He has since risen even further to now hold the number 4 spot. He has had several loses in major tournaments, with only a fourth round appearance at Wimbledon as his highest finish. Expect him to break that pattern this year as he looks primed to reach the later rounds.
3) Dominic Thiem
Current Rank: 5
Thiem is a grafter, and despite his young age, he has seen his far share of battles on the tennis courts. He boasts a fearsome one-handed backhand, he can rip crosscourt or up the line for winners. Thiem has a versatile game and is a quick mover, meaning he can adapt that skill set to any surface and opponent.
His best ever finish in a grand slam tournament was a quarter-final appearance at the French Open in 2017, where he lost to eventual champion Rafael Nadal. Expect great things from him.
2) Grigor Dimitrov
Current Rank: 3
The supremely talented Bulgarian, who has carried the nickname ‘Baby Fed’ throughout his career because of his similar style to the great Roger Federer, appeared to be edging his way to the upper echelons of the game two years ago.
His impressive run at Wimbledon in 2014, where he outclassed Andy Murray in the last eight to reach the semi-finals, saw him reach a career-high ranking of No 8 in the world.
1) Nick Kygrios
Current Rank: 17
Kygrios is the wild card in this section. He has the skills and attributes to be a an all time great but his explosive temper continues to be his achilles heel. There have been multiple instances where he lost his cool during a matching leading to his eventual loss.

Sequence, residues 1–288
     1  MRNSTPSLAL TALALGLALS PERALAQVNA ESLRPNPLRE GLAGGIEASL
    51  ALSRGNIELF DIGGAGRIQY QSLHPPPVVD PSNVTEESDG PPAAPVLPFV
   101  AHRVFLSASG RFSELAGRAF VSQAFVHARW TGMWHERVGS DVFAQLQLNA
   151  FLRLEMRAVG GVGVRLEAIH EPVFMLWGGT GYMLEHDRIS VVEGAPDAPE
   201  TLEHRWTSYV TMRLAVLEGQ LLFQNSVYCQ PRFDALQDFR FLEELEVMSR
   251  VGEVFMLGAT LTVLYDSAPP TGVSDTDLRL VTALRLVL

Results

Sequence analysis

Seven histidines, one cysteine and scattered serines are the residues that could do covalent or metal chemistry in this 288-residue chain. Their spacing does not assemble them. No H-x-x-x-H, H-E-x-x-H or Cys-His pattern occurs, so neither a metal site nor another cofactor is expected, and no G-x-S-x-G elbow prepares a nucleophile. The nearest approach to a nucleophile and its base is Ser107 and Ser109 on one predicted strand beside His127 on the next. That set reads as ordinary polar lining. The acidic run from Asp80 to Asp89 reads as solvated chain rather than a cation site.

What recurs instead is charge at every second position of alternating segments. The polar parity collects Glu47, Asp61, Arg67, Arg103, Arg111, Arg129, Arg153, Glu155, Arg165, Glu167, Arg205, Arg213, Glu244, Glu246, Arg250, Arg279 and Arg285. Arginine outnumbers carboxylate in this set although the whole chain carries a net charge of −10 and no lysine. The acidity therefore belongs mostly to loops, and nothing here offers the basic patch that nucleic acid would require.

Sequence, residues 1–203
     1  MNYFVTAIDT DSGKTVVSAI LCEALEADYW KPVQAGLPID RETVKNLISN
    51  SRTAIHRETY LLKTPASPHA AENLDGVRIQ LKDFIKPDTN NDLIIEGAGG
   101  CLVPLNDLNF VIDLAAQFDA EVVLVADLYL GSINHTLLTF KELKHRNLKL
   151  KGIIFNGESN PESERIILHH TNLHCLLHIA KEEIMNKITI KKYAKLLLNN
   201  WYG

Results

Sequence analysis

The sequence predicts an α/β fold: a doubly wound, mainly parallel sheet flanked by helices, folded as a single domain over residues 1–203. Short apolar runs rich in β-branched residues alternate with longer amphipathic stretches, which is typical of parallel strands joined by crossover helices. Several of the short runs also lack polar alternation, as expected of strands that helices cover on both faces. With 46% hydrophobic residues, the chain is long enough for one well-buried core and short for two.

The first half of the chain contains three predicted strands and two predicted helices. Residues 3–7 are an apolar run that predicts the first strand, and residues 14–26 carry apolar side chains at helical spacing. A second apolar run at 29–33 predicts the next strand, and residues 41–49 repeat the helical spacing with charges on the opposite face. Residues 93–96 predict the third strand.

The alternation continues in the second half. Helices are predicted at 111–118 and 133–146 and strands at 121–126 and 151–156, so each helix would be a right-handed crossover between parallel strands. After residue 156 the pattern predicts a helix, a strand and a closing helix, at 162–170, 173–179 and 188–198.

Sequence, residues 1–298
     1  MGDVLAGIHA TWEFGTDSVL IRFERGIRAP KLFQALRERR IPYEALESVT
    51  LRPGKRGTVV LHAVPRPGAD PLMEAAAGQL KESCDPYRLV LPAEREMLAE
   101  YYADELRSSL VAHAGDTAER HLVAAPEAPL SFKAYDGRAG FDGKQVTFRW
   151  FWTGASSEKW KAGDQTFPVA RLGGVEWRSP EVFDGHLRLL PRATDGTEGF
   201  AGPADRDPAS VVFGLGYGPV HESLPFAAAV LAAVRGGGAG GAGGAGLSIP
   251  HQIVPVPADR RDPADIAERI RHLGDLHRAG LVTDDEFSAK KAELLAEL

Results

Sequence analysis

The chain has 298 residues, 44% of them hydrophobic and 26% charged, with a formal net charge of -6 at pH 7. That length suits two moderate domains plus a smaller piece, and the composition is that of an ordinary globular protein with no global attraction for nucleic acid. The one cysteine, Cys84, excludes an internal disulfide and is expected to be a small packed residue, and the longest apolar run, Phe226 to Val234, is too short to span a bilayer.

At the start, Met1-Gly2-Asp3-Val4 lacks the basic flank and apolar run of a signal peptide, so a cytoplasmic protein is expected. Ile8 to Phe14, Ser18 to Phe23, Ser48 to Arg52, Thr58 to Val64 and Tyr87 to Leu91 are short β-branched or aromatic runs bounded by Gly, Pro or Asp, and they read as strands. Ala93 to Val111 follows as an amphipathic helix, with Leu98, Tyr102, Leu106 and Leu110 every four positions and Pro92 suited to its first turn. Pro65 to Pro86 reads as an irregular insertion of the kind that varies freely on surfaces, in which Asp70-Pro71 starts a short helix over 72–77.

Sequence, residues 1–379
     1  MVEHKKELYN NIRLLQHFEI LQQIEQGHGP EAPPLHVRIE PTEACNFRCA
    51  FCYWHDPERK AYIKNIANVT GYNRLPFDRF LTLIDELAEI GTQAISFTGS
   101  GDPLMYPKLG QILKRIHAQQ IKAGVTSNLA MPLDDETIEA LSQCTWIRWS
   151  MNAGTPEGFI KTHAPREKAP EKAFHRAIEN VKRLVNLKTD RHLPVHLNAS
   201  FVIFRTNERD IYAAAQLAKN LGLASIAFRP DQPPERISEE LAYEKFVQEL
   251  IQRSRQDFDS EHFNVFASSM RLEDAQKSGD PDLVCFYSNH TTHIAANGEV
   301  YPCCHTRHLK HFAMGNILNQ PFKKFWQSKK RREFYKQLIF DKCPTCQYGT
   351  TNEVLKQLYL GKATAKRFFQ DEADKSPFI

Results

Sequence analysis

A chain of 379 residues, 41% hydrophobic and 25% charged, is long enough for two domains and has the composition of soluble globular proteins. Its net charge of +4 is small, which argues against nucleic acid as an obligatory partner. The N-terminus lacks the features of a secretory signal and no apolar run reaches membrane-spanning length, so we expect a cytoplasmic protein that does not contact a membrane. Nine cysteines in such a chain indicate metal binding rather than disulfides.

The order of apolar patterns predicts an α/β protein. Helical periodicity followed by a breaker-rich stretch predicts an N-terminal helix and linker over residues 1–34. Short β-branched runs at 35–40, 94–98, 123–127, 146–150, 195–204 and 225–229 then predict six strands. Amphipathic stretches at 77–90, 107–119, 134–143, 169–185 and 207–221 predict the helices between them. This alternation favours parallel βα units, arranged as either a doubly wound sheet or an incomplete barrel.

The reality is that Kyrgios will not grow up all at once and be the perfect gentleman on court. He’s not going to be consistent like Murray, and he may have continued lapses in his self-directed training. That said, watch him flash some greatness. Then time will tell if he can turn into a long-term superstar and produce a brilliant career.
These five players have their work cut out for them. Breaking through and beating the likes of Nadal, Djokovic, Murray and Federer is no easy task, but for their sake (and the sake of tennis as a whole) someone needs to step up to continue the legacy set out by his predecessors. With the Australian Open just days away from starting, they will be under the microscope and only time will tell if they will buckle under the pressure or become the flag bearers of the next generation.